Category: ADHD - Child

PS3- #A8 - Meta-Analysis of Psychoeducation Interventions for Parents and Teachers of Children and Adolescents With ADHD

Friday, Nov 17
11:00 AM – 12:00 PM
Location: Indigo Ballroom CDGH, Level 2, Indigo Level

Keywords: ADHD - Child / Adolescent | Psychoeducation | Child Externalizing

Background. Attention Deficit Hyperactivity Disorder (ADHD) is a ubiquitous disorder and often treated through various methods. One treatment approach for ADHD is psychoeducation. Psychoeducation has been defined as a systematic and didactic approach to informing patients, and their relatives, about their illness and possible treatments, promoting understanding and personal management of the illness (Ferrin et al., 2014). This meta-analysis sought to understand the magnitude of impact that psychoeducation interventions have on various outcomes in children with ADHD.

Method.  A systematic review ofarticles published between 1990 and 2015 was conducted and studies were evaluated based on the following inclusion criteria: 1) included a specific psychoeducation program, 2) was a treatment outcome study, 3) included youth (5-1), 4) youth had diagnosis of ADHD or exhibited significant symptoms of inattention, hyperactivity or impulsivity. The independent variable in the selected articles was psychoeducation interventions and the dependent variables in the selected articles included 17 constructs related to children’s functioning. Analyses included Hedges’ g formula that calculated individual study and summary effect sizes. The direction of treatment effects was set so that positive values implied greater improvement in subjects receiving the intervention across outcomes. Q statistics were calculated to infer the presence or absence of heterogeneity. For those effect sizes that were heterogeneous, moderator analyses were conducted, using intervention type, study design, length on psychoeducation session, and number of sessions as potential moderators.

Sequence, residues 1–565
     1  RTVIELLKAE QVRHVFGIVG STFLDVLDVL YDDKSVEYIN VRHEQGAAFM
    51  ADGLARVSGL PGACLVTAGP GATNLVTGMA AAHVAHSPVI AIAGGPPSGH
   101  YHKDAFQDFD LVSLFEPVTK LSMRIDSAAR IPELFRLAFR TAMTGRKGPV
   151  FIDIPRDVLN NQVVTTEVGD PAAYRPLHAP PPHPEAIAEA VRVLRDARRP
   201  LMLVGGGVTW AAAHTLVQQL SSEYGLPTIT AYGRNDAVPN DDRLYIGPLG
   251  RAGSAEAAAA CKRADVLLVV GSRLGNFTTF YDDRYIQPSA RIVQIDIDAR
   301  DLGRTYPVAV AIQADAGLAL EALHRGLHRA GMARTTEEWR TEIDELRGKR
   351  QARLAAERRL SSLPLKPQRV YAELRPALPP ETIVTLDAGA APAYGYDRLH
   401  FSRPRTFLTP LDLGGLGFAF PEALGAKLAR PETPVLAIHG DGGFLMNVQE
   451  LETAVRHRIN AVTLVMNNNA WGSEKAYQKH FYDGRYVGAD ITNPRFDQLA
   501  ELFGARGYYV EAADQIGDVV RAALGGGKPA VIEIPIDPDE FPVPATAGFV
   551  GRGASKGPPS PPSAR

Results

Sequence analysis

Results.  Ten studies met our four criteria. The total participant sample size of included studies was 251 participants ranging from 4 to 69, with an average of 23 (SD = 20.74). Among the 17 outcomes effect sizes that were analyzed, some significant findings include effect sizes for ADHD symptoms as reported by parents was 0.809 and for teachers was 0.442. The effect sizes for inattention and attention problems as reported by parents was 0.322 and by teachers was 0.680. Among the outcomes assessing child’s family and social functioning, effect sizes, as reported by parents, were significantly heterogeneous (Qtotal [1] = 9.151, p = .002; I2 = 89%); a significant moderation effect by the type of intervention was found (QBetween [1] = 9.151, p = .002). The treatment adherence effect size was 0.465, p=.009.

Conclusion. While psychoeducation seems to have had promising effects on parent and teacher perception of symptoms and on family and child’s social functioning, relatively few studies have looked at treatment adherence as an outcome. This may be a future direction for researchers in this area to focus on as a treatment outcome.  

Amrita Ramakrishnan

Graduate Student
New York University

Victoria Dahl

New York University